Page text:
Join Early Retirement Today
Reply
 
Thread Tools Search this Thread Display Modes
Military officer, planning for FI & possible ER by 2024
Old 12-29-2013, 08:29 PM   #1
Recycles dryer sheets
 
Join Date: Dec 2013
Posts: 331
Military officer, planning for FI & possible ER by 2024

Hi everybody! I've come across this website a few times over the years but I've been lurking extensively for a week now and figured I'd jump in. I've been planning to retire early since...well...before I can remember, but I've gotten really serious about it just this past year. If you'd asked me a year ago what my plan was, I'd have told you I was going to work until I was 51, then open a non-profit. Now (due to some health and other disasters in my family) I've decided I want to be able to retire by 41, which is when I'll be retirement eligible from the Air Force. This is, of course, assuming I don't get cut in the continuing Reduction in Force boards that keep happening. I don't think this will happen, but you never know. Even if I do, I think I'm marketable and I have no problem delivering pizzas until I find another career. I definitely want to be FI by 41, so even if I continue working after that I will know it's a choice and not a requirement. I still want to open a non-profit, but I want to find a reliable staff that can keep it running while I travel the world a fair portion of the year.

My stats:
Age: 31
Desired retirement age: 41 for FI, retirement anytime thereafter

Net Worth: ~$448k (so close to $450k!)
Assets:
  • TSP: $68k
  • Roth IRA: $53k
  • Non-tax advantaged MF: $12k
  • Individual stocks: $5k
  • Current residence: $258k
  • Rental property: $258k (first time they've matched!)
  • plus checking & savings accounts
Liabilities:
  • Current residence mortgage: $181k
  • Rental mortgage: $139k
Asset allocation: investment accounts are 90% stocks, but I am comfortable with that for now and I'm paying off my rental early as my "conservative" investment

Income: $95k (it's nice when your salary is a matter of public record, no need to hide anything) + $16k in rental income
Living expenses: <$4k/mo, which means a Lt Col @ 20 yrs retirement would cover most/all of it. Note this includes $1k/mo in a house that will be paid off by 2023.
Savings/Investments:
  • RA accounts: $15k/yr
  • Non-tax advantaged accounts: $10k/yr
  • House downpayments (I want 4-5 rentals eventually): $5k/yr
  • Mortgage prepayment: $8k/yr
The rest of my income goes to taxes, medium term savings (next car, etc), and separate savings for each of my houses (repairs & renovations).

Spouse: not yet
Kids: nope
Location: not really applicable since it changes every few years!

The ultimate goal is for my military pension to cover my normal expenses, rental income to cover any extra luxuries, and the investment accounts to be there in case of emergency or eventually to leave to my family and charity. Since moving up my FIRE date by 10 years, I've been shifting my investments from mostly retirement accounts to non-retirement accounts, and will continue to do so every year. I have no idea where I want to live in retirement, but the thought of having a few condos in multiple places that I can rent out when I'm not there is very appealing. And maybe a travel trailer!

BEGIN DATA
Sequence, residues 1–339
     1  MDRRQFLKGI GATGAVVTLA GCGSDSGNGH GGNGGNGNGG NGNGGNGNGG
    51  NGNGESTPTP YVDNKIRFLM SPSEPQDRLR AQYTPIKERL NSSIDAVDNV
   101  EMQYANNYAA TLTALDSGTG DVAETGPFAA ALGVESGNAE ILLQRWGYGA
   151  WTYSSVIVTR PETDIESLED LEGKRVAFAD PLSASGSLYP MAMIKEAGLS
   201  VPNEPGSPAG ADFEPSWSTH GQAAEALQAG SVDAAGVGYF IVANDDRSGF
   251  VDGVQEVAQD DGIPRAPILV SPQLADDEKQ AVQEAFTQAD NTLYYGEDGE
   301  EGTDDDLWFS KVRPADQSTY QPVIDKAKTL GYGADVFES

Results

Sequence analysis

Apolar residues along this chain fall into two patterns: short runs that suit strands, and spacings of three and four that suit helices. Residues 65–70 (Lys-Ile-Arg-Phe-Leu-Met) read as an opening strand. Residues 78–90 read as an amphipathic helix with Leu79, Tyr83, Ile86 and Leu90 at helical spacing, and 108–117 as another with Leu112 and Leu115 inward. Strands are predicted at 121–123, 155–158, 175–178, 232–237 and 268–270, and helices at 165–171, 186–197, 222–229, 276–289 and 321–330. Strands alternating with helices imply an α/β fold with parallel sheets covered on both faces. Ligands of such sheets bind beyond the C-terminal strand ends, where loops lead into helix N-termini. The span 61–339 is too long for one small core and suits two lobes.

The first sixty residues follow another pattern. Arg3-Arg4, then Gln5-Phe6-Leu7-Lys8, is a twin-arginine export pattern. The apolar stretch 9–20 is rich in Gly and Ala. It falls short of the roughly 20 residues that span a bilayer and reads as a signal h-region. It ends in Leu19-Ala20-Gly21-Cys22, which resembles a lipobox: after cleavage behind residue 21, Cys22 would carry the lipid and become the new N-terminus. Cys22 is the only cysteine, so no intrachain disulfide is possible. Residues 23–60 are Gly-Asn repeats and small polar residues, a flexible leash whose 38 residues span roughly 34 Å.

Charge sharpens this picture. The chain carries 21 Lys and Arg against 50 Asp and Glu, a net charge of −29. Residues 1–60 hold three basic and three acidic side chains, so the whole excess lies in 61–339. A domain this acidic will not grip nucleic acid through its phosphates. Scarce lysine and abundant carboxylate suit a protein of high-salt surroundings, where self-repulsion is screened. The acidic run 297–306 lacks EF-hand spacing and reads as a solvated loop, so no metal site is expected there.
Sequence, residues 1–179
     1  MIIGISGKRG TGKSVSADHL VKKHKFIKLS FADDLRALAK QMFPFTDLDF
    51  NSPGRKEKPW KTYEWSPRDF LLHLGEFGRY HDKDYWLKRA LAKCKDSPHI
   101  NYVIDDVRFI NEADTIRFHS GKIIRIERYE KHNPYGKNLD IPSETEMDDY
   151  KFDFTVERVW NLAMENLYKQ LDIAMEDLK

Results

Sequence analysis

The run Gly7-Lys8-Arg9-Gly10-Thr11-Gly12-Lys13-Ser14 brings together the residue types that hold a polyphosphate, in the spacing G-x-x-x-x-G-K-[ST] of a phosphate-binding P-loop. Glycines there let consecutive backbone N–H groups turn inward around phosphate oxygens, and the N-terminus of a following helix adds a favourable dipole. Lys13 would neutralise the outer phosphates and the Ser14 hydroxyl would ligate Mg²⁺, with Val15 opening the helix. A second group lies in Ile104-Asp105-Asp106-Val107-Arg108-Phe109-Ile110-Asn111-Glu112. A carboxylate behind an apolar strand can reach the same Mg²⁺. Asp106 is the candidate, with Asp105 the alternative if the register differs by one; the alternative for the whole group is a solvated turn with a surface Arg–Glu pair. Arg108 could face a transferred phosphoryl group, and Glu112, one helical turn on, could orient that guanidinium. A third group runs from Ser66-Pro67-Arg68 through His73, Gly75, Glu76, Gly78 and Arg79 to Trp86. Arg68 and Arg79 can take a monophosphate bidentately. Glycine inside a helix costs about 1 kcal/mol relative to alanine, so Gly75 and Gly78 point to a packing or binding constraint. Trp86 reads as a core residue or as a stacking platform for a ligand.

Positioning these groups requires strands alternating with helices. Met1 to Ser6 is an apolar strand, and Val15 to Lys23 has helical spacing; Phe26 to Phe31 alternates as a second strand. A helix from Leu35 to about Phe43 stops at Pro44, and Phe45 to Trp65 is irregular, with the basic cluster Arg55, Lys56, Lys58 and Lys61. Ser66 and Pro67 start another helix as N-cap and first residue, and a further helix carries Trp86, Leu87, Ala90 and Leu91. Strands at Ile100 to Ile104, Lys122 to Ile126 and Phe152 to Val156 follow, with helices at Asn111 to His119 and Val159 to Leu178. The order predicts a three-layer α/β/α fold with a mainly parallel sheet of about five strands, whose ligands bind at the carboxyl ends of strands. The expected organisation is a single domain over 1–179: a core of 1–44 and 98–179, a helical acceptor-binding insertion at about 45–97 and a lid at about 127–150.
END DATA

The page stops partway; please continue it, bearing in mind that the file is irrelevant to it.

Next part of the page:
That's all I can think of (it's a lot!), what else do you want to know? What's next on this giant forum?
__________________

__________________
FI by 2024 is offline   Reply With Quote
Join the #1 Early Retirement and Financial Independence Forum Today - It's Totally Free!

Are you planning to be financially independent as early as possible so you can live life on your own terms? Discuss successful investing strategies, asset allocation models, tax strategies and other related topics in our online forum community. Our members range from young folks just starting their journey to financial independence, military retirees and even multimillionaires. No matter where you fit in you'll find that Early-Retirement.org is a great community to join. Best of all it's totally FREE!

You are currently viewing our boards as a guest so you have limited access to our community. Please take the time to register and you will gain a lot of great new features including; the ability to participate in discussions, network with our members, see fewer ads, upload photographs, create a retirement blog, send private messages and so much, much more!

Old 12-30-2013, 09:02 AM   #2
Thinks s/he gets paid by the post
nash031's Avatar
 
Join Date: Jun 2013
Location: Coronado
Posts: 1,486
Welcome! 36-yo officer here, married no kids. You're doing very well - with that real estate, better than I was at 31! I am gunning for FI by retirement age (2020 for me), not sure what I'll do after that as things will change in the next six years.

You should investigate all of the ways to bridge between 42 and 59.5. That's what I've been looking into. You don't necessarily need to sacrifice your tax advantaged accounts to get through that 17 year period. Keep wearing out that TSP benefit, and look into the G fund for that 10% bond portion. Those are a few of the lessons I've learned in the last six months here and on Bogleheads.

Also, Nord's book is pretty good (Military Guide to Early Retirement).

Anyway, welcome!
__________________

__________________
nash031 is offline   Reply With Quote
Old 12-30-2013, 08:13 PM   #3
Recycles dryer sheets
 
Join Date: Dec 2011
Location: Chicago area
Posts: 427
Welcome and thanks for your service!

Sounds like you are doing very well and should be in good shape. The trick for people who plan for a future FIRE by living a frugal lifestyle is to continue to LBYM esp if marriage or children happen.
__________________
AnIntentionalRoad is offline   Reply With Quote
Old 01-01-2014, 05:27 PM   #4
Full time employment: Posting here.
 
Join Date: Jan 2007
Posts: 582